In today’s fast-changing and unpredictable business environment, companies must take decisions swiftly and make them count. Business analytics provides an advantage, enabling decisions that are fact-based, real-time, and rooted in a single source of truth.
As MicroStrategy reports, organisations that bake analytics into their decision-making process earn more revenue and enjoy better outcomes. These companies can act quickly, safely, and profitably using descriptive, diagnostic, predictive, and prescriptive analysis.
Due to this, business analytics is a fast-rising priority globally, and there’s a greater focus on the value of data and the experts who can extract that value. Here’s a granular look at how data supports business judgment and why analytics professionals are vital to achieving this.
1. Analytical Exploration Clarifies the View
One thing that’s often said of business analytics is that it presents “the big picture”. It lets you consider more factors, relationships, and entities before reaching a conclusion. At the same time, analytics sharpens the viewpoint of managers and CEOs, allowing them better appreciate problems and potential solutions.
This is critical in business because great information enables excellent decisions. Business problems are rarely isolated incidences – they typically have several contributory factors. However, the process becomes compromised when conclusions are drawn from incomplete facts or too-small sample size.
Business analytics allows everyone to step back and see what scenarios feed into the problem, then come back with a better understanding. This expanded view helps companies identify root causes more accurately and plot a suitable path forward.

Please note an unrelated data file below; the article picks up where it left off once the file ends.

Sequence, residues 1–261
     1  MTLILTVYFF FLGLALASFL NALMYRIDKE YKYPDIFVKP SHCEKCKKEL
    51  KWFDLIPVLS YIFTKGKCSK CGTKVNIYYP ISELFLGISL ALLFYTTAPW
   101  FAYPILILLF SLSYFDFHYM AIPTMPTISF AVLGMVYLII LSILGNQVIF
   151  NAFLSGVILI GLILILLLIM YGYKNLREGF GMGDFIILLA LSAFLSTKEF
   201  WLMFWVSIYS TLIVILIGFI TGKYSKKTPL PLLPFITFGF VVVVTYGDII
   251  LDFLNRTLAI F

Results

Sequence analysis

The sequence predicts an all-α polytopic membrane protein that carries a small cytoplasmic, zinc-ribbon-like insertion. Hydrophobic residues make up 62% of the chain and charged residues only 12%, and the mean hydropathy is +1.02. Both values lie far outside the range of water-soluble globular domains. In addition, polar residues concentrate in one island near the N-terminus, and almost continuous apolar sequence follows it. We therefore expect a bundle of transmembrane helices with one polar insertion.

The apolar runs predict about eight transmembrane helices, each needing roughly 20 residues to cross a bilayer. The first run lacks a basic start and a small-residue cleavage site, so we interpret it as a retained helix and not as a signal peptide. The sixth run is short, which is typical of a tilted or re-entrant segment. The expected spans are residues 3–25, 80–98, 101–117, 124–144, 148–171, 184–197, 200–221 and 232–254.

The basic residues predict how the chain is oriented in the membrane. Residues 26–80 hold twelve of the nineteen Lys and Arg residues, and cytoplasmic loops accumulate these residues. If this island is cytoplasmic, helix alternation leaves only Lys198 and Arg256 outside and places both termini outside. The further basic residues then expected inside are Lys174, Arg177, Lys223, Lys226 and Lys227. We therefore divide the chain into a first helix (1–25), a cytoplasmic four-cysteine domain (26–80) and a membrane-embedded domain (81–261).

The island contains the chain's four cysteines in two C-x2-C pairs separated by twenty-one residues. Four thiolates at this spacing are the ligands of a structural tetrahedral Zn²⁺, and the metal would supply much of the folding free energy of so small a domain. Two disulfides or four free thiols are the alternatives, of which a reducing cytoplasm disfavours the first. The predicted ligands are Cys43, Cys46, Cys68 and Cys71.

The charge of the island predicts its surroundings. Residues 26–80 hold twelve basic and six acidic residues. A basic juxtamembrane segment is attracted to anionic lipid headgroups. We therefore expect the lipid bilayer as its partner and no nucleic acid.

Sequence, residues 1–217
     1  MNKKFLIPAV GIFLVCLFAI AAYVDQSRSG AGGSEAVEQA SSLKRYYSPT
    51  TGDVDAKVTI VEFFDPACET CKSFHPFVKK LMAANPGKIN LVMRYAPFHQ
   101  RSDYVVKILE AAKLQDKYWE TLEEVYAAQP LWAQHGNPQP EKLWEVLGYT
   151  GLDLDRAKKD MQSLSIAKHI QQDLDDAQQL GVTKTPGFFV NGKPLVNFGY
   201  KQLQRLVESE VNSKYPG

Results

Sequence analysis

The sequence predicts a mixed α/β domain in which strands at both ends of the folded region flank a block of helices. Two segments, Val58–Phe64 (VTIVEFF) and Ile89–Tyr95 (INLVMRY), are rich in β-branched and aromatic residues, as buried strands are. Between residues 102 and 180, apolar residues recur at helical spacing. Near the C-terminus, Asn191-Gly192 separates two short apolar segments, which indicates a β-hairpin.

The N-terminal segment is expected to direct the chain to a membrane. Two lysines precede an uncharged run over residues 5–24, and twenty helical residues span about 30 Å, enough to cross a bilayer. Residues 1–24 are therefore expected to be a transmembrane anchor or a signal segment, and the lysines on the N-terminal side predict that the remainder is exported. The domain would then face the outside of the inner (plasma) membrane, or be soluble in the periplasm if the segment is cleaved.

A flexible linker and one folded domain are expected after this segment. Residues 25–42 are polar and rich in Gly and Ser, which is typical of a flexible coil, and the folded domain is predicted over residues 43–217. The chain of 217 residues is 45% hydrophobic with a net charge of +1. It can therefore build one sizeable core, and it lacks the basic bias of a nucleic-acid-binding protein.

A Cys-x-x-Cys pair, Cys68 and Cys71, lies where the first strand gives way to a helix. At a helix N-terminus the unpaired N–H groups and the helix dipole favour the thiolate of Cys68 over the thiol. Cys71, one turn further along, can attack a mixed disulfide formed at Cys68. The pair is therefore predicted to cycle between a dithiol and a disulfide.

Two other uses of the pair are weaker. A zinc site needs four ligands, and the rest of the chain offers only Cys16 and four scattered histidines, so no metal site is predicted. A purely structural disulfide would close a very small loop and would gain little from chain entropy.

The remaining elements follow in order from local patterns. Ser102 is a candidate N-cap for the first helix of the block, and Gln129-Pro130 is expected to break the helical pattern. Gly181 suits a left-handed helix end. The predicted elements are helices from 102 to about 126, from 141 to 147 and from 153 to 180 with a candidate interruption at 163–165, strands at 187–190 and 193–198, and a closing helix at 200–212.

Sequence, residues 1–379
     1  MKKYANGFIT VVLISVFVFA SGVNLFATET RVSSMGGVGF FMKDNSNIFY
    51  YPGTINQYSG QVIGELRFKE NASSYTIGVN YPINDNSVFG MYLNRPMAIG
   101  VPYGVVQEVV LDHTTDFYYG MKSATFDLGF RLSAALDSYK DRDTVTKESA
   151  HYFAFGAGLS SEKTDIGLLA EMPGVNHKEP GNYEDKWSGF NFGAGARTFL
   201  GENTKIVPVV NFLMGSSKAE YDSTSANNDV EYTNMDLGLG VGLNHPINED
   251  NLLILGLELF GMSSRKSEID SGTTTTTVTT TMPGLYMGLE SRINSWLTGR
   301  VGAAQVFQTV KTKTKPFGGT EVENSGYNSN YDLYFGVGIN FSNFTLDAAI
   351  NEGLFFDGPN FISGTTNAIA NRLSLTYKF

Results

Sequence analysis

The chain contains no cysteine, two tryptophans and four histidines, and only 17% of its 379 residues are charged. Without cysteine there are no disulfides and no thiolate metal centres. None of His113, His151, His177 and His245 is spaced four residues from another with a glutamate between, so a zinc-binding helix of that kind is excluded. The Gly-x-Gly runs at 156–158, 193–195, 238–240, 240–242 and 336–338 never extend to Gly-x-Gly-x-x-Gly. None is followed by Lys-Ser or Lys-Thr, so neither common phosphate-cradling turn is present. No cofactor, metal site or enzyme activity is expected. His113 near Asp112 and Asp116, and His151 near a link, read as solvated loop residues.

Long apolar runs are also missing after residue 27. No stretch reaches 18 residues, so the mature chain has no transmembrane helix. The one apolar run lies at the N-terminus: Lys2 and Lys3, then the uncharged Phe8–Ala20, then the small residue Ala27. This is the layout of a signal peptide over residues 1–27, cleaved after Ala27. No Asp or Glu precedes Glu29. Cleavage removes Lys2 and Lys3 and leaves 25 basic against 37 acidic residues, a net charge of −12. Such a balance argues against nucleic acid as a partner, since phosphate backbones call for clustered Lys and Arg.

2. Business Data Provide Solid Evidence
Data doesn’t lie. When properly analysed, data backs up assumptions or disproves predictions, providing the backbone for accurate decisions.
Making hypotheses is one of the primary stages of problem-solving and decision making. For instance, when confronted with a crisis, good business leaders will theorise about what could be wrong from the nature of the situation. But going on to act using untested hypotheses will create bad decisions and poor outcomes for the company.
Instead, organisations can employ business analytics to assess the underlying data and test assumptions. Accordingly, a hypothesis may be confirmed or refuted by data, or the results may point to a more relevant line of inquiry.
In either case, the company can move forward with confidence, knowing that its conclusions and decisions are backed by strong evidence.
3. Business Analytics Delivers Piercing Insights
Business analytics not only provides better information; it can also deliver game-changing insights. Correctly cleaned and visualised data can help organisations uncover hidden connections, forming the basis for intelligent action.
For example, a KPMG report on trends in infrastructure discussed how companies use predictive analysis to anticipate and resolve operational issues. One of the surveyed companies, a mobile network operator, noted that it leveraged data to foresee outages seven days before occurrence, thereby saving costs and boosting operational efficiency.